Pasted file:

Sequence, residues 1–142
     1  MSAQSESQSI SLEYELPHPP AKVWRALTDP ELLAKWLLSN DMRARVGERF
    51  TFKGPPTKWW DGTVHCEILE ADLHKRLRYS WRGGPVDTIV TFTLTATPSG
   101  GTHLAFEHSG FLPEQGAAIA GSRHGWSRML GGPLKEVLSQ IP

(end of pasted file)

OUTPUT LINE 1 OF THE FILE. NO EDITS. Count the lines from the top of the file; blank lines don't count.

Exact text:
Sequence, residues 1–142